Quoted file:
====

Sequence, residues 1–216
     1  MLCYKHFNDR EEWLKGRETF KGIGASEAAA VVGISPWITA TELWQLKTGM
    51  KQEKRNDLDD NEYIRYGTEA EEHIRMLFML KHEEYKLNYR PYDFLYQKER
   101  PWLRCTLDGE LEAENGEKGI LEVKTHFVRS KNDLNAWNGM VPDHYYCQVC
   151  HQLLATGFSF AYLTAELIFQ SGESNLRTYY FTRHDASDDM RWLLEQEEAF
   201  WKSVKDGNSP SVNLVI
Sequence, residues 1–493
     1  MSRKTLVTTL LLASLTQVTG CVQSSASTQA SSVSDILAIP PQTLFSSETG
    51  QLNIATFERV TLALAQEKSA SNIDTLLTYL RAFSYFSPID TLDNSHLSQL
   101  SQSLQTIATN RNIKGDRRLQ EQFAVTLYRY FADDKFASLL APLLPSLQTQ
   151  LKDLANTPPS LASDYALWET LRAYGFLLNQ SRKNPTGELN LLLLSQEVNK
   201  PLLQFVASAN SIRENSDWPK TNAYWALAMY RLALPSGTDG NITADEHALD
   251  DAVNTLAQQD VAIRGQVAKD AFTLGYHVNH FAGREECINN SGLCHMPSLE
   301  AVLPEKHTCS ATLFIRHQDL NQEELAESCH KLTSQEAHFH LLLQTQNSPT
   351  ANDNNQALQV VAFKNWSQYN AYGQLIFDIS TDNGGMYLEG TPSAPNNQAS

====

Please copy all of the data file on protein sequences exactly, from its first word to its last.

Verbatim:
Sequence, residues 1–216
     1  MLCYKHFNDR EEWLKGRETF KGIGASEAAA VVGISPWITA TELWQLKTGM
    51  KQEKRNDLDD NEYIRYGTEA EEHIRMLFML KHEEYKLNYR PYDFLYQKER
   101  PWLRCTLDGE LEAENGEKGI LEVKTHFVRS KNDLNAWNGM VPDHYYCQVC
   151  HQLLATGFSF AYLTAELIFQ SGESNLRTYY FTRHDASDDM RWLLEQEEAF
   201  WKSVKDGNSP SVNLVI
Sequence, residues 1–493
     1  MSRKTLVTTL LLASLTQVTG CVQSSASTQA SSVSDILAIP PQTLFSSETG
    51  QLNIATFERV TLALAQEKSA SNIDTLLTYL RAFSYFSPID TLDNSHLSQL
   101  SQSLQTIATN RNIKGDRRLQ EQFAVTLYRY FADDKFASLL APLLPSLQTQ
   151  LKDLANTPPS LASDYALWET LRAYGFLLNQ SRKNPTGELN LLLLSQEVNK
   201  PLLQFVASAN SIRENSDWPK TNAYWALAMY RLALPSGTDG NITADEHALD
   251  DAVNTLAQQD VAIRGQVAKD AFTLGYHVNH FAGREECINN SGLCHMPSLE
   301  AVLPEKHTCS ATLFIRHQDL NQEELAESCH KLTSQEAHFH LLLQTQNSPT
   351  ANDNNQALQV VAFKNWSQYN AYGQLIFDIS TDNGGMYLEG TPSAPNNQAS